Baldwin school board starts discussion of how to respond to possible state cuts
The Baldwin school board took time Monday to start discussion on how the district would respond to a cut in the amount in budgeted state aid for the current school year.
Superintendent Paul Dorathy said there remained a lot of uncertainty concerning possible responses to the state’s woeful financial picture, and it wasn’t yet known if the state would be forced to reduce funding for K-12 education. He predicted local school districts would learn more before the first of the year as Gov. Sam Brownback makes recommendations about how the state should address the current fiscal year’s revenue shortfall.
What is known is the state’s latest revenue numbers are grim. It was learned last week that state revenue collections would fall $278 million short of what was needed to fund the state’s $5.9 billion budget.
That could necessitate cuts to the budget the Kansas Legislature approved last spring for the state’s 2015 fiscal year, which started July 1, and possibly to K-12 education that accounts for 51 percent of the state’s annual general fund budget.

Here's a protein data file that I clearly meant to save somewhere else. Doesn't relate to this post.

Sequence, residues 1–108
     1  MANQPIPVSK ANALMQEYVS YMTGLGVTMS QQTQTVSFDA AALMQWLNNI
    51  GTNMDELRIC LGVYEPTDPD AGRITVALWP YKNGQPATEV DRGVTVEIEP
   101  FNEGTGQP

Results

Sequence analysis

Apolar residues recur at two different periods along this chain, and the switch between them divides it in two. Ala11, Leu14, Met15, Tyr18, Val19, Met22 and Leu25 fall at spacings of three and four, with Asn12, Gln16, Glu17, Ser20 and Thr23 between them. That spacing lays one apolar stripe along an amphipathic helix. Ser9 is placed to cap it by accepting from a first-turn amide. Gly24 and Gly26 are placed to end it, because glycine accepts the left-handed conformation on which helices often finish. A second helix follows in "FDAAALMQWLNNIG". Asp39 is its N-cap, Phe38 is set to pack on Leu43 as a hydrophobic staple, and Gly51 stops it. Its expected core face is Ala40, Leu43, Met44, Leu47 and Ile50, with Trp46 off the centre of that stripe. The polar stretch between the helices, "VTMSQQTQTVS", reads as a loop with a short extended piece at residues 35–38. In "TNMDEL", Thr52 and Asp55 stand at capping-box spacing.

“We don’t know what it could be,” the superintendent said of any cut in current year state aid to the district. “It could be $10,000 or $100,000. They’ve talked about, depending on how big the hole is, they may cover it with their savings.”
Dorathy said a concern in making mid-year budget corrections was that they could become permanent because there will be no quick turnaround to the state’s budget shortfall. Moreover, the district cannot make mid-year changes to contractual obligations, which could put it on the path to more long-term savings, he said.
Rather, he suggested the district might look to its savings to carry it through a current fiscal year cutback in state aid, while it started looking to address long-term cuts with the 2015-2016 budget.
One of the sources of available funds will be the building budgets for the four schools. Those totaled about $70,000, district financial director Cynde Frick said.
The district had dipped in those funds in the past when faced with mid-year state aid reductions, Dorathy said. “It wouldn’t be the first time principals have gone through that,” he said. “They don’t like it, but will tell you they would rather give that up than positions.”
Furloughs was another way to cut the budget, but Dorothy said that came with a price.
“Sometimes your best employees start looking elsewhere,” he said. “They can’t afford a week off with no pay.”